Identifying the next deadly virus

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( Image: Istock)
( Image: Istock)

Researchers from the University of Waterloo have successfully classified 191 previously unidentified astroviruses using a new machine learning-enabled classification process.

Astroviruses are some of the most damaging and widespread viruses in the world. These viruses cause severe diarrhea, which kills more than 440,000 children under the age of five annually. In the poultry industry, astroviruses like avian flu have an 80 per cent infection rate and a 50 per cent mortality rate among livestock, leading to economic devastation, supply chain disruption, and food shortages.

Astroviruses mutate quickly and can spread easily across their more than 160 host species, putting researchers and public health officials in a constant race to classify and understand new astroviruses as they emerge. In 2023, there were 322 unidentified astroviruses with distinct genomes. This year, that number has risen to 479.

"At any given point, between two and nine per cent of humans carry one of these viruses. That number can be as high as 30 per cent in some countries," said Fatemeh Alipour, PhD candidate in computer science at Waterloo and the lead computer science author of the research study. "Understanding and classifying these viruses effectively is essential for developing vaccines."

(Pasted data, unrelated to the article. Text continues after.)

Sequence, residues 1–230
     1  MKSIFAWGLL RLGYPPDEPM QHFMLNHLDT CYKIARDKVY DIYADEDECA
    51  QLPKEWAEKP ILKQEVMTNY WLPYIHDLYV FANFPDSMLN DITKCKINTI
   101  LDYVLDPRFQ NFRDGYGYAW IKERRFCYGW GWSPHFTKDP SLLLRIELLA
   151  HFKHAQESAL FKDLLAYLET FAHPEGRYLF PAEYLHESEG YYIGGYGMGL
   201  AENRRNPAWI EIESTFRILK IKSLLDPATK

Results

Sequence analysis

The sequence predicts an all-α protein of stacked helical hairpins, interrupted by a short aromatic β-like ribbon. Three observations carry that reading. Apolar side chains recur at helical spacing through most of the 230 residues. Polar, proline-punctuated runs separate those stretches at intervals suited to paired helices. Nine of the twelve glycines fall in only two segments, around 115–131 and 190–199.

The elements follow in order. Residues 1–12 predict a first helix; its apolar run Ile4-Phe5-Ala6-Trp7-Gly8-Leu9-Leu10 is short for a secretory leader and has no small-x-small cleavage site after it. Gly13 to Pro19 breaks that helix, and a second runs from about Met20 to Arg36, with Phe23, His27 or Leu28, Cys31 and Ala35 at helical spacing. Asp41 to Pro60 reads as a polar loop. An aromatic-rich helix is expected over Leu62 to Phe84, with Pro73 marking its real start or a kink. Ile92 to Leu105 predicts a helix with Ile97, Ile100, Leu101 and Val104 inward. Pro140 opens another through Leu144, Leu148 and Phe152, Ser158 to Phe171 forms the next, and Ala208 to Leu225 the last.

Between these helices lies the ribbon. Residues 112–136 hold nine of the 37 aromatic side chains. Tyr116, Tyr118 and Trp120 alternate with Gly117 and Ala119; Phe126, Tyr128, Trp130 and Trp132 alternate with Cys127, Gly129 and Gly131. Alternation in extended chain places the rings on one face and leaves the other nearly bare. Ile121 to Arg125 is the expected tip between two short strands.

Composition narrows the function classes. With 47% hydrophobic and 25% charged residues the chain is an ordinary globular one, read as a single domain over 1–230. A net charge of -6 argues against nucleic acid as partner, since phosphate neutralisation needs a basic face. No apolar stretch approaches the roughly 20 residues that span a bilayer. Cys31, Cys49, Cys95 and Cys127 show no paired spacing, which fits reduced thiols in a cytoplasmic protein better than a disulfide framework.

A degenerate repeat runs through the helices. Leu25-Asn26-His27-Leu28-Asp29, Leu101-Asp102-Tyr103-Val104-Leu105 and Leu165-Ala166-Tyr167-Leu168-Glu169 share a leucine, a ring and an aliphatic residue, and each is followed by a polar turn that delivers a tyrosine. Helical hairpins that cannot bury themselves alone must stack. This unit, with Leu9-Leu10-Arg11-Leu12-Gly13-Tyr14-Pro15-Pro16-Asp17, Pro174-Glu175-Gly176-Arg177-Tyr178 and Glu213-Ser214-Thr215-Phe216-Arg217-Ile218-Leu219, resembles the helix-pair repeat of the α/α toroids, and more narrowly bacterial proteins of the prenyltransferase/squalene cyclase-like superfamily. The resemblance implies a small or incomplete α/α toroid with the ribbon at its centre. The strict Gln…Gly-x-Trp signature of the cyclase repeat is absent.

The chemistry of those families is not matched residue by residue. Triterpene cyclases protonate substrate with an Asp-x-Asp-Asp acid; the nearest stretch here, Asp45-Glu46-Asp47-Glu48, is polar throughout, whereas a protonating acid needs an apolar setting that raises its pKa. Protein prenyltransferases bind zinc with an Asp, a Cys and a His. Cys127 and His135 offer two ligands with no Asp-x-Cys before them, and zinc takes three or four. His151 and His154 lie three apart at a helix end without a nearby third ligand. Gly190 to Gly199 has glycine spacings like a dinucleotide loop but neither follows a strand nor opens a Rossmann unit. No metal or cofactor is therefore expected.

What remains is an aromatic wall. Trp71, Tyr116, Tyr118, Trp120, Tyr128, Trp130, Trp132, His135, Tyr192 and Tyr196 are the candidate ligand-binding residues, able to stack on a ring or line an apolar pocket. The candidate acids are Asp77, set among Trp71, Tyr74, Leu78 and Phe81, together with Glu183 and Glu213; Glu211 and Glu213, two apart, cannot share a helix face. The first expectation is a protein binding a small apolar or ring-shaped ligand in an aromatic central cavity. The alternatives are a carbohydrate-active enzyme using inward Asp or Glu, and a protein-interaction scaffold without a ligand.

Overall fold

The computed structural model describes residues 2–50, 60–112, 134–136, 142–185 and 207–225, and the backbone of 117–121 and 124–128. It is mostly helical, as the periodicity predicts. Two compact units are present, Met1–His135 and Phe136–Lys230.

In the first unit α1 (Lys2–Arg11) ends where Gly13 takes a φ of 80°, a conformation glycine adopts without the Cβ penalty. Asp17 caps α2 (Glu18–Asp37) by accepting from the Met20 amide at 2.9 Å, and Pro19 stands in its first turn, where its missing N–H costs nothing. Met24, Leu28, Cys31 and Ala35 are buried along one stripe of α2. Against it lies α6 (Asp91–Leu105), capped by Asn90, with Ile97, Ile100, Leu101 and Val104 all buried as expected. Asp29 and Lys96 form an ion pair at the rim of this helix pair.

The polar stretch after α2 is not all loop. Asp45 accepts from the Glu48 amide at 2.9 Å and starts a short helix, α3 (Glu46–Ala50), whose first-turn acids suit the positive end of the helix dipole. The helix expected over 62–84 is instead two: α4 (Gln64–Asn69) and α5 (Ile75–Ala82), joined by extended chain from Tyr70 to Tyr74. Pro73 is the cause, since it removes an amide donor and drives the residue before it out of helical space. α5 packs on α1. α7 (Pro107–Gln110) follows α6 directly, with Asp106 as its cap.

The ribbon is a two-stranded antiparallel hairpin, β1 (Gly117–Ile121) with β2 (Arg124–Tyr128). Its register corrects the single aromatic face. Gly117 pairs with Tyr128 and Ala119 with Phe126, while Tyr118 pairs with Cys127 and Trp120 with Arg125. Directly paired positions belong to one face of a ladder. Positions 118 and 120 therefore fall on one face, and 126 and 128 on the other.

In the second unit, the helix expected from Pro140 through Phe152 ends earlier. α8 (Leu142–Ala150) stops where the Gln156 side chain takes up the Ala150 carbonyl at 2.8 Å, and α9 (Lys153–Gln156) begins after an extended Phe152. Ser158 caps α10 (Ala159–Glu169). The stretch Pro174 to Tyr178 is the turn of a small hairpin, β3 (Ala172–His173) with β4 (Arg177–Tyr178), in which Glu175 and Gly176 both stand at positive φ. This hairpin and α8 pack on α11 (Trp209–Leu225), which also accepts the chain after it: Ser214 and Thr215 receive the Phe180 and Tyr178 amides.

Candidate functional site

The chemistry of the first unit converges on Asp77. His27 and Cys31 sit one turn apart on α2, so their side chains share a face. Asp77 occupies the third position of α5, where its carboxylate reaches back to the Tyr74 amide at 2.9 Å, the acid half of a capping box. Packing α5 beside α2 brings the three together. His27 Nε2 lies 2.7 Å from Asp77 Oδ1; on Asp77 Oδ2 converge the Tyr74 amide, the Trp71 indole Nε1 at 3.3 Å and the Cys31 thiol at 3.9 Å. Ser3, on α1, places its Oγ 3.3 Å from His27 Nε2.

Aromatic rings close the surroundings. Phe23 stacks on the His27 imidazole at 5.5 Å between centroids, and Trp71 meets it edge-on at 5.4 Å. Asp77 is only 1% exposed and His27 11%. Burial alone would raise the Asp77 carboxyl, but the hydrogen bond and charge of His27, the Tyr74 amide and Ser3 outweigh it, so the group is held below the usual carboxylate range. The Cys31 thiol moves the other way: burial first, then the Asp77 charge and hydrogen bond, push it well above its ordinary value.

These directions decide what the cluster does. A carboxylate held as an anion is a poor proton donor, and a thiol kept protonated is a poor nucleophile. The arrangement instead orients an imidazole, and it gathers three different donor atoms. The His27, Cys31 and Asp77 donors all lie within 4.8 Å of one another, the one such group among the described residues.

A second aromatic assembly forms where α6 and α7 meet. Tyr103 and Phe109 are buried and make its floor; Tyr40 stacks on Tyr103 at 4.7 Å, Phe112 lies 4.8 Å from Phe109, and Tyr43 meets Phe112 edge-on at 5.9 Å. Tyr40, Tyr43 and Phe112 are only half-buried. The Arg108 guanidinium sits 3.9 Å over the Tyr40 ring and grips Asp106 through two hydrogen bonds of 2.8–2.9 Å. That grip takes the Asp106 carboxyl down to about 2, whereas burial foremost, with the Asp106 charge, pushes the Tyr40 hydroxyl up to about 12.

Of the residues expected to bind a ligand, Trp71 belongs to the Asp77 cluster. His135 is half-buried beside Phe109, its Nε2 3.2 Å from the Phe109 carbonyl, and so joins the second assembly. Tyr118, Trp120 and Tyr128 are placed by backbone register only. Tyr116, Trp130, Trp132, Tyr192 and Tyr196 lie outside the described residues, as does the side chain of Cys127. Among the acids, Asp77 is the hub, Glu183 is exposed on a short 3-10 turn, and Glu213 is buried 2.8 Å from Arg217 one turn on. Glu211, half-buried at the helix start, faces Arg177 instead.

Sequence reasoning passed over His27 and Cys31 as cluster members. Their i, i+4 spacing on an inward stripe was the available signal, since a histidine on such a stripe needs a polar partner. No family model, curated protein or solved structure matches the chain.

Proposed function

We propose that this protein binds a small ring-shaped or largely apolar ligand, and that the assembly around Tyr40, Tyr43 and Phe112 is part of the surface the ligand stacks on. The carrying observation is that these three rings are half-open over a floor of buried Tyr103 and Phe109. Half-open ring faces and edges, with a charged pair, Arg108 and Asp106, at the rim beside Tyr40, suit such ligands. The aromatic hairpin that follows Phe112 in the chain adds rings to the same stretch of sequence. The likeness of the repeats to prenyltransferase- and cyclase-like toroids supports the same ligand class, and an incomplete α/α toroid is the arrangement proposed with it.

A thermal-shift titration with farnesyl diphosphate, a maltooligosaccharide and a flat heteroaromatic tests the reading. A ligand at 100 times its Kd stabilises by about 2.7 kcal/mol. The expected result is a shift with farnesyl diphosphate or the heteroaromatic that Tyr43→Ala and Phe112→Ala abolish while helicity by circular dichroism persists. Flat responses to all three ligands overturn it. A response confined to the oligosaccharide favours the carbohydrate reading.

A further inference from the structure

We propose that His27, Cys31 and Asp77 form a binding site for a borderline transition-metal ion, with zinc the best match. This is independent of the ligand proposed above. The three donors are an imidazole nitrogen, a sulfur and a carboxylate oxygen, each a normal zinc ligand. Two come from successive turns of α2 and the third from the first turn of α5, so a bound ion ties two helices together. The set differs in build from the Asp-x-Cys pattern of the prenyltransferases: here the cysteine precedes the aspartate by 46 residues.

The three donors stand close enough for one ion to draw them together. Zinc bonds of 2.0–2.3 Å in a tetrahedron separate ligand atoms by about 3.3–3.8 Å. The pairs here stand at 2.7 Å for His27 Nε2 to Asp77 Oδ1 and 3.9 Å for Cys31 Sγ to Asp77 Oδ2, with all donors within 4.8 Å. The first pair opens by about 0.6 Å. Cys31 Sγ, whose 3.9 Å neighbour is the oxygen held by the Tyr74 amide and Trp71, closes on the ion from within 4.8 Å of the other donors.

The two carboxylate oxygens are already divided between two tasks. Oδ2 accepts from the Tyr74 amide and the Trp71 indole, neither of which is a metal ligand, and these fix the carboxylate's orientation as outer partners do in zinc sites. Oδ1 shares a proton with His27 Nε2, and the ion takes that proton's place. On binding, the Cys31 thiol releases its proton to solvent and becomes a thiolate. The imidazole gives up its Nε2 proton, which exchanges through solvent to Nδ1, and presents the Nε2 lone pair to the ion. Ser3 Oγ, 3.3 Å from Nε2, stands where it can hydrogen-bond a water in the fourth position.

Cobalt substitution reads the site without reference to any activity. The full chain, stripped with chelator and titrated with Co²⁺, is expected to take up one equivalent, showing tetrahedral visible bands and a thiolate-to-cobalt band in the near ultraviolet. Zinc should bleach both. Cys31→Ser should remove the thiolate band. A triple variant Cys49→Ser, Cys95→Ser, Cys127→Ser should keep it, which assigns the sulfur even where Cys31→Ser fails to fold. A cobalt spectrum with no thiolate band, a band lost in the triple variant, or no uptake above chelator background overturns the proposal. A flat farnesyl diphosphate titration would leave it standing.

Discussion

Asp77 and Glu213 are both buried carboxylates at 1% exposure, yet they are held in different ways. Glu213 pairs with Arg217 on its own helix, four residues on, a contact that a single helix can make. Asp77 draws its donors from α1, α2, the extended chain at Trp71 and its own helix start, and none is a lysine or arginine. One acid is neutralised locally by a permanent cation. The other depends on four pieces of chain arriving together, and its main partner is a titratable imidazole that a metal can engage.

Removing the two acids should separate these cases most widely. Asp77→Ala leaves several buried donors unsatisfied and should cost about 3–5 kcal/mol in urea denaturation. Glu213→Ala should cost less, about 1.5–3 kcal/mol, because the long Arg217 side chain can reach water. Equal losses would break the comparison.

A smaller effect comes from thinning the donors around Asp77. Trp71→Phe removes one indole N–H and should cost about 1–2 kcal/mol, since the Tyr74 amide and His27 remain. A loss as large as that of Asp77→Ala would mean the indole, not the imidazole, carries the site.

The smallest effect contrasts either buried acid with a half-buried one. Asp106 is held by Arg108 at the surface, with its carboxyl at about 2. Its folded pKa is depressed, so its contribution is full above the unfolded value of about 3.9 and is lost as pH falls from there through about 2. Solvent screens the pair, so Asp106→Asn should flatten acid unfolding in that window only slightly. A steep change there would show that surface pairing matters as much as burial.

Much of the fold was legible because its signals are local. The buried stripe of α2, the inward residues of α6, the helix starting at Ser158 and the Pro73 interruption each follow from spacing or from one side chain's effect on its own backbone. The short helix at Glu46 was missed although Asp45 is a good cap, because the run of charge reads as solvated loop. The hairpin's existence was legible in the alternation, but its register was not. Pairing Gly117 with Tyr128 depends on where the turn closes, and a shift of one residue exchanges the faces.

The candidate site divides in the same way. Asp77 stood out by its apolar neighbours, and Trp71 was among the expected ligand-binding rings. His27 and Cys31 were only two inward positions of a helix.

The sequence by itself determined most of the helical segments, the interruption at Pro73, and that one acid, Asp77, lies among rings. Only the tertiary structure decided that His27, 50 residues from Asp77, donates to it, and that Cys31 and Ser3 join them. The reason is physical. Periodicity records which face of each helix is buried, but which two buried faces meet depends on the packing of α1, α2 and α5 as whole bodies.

The astrovirus research team included computer science researchers at Waterloo and biology researchers at the University of Western Ontario.

The new three-part classification method includes supervised machine learning, unsupervised machine learning, and manual labelling of each astrovirus’s host.

"The main idea behind the classification method is to leverage machine learning to classify species by learning from their ’genomic signatures’," said Lila Kari, professor in the David R. Cheriton School of Computer Science. "The classification method is exciting both in its speed and general applicability."

"This method can help us understand how viruses are transmitted between different animals. It can also be used to classify viruses in other virus families like HIV and Dengue."

The study, Leveraging machine learning for taxonomic classification of emerging astroviruses , was recently published in Frontiers in Molecular Biosciences.